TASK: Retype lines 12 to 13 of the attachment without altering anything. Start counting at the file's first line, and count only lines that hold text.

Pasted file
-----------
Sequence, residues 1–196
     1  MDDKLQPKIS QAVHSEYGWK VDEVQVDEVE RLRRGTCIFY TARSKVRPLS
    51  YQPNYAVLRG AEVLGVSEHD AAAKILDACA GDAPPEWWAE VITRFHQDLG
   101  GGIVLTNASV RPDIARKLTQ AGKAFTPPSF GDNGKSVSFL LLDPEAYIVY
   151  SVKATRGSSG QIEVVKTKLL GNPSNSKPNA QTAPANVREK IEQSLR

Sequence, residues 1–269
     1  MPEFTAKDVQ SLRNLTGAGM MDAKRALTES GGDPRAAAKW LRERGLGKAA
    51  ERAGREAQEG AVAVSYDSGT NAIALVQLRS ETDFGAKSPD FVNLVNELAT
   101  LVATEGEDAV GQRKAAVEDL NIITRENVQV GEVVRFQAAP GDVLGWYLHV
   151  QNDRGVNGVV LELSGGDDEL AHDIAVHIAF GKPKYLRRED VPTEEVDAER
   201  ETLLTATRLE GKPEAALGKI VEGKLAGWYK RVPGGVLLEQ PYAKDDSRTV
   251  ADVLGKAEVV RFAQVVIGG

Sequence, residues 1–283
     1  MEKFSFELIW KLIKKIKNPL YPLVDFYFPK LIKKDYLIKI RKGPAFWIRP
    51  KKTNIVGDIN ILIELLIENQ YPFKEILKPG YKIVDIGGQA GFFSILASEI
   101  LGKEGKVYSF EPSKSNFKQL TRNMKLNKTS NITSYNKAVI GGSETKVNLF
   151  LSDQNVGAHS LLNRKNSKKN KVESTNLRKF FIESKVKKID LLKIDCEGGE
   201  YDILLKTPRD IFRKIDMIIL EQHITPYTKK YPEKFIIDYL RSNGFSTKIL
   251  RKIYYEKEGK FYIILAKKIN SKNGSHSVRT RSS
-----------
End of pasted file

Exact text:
   251  ADVLGKAEVV RFAQVVIGG

Sequence, residues 1–283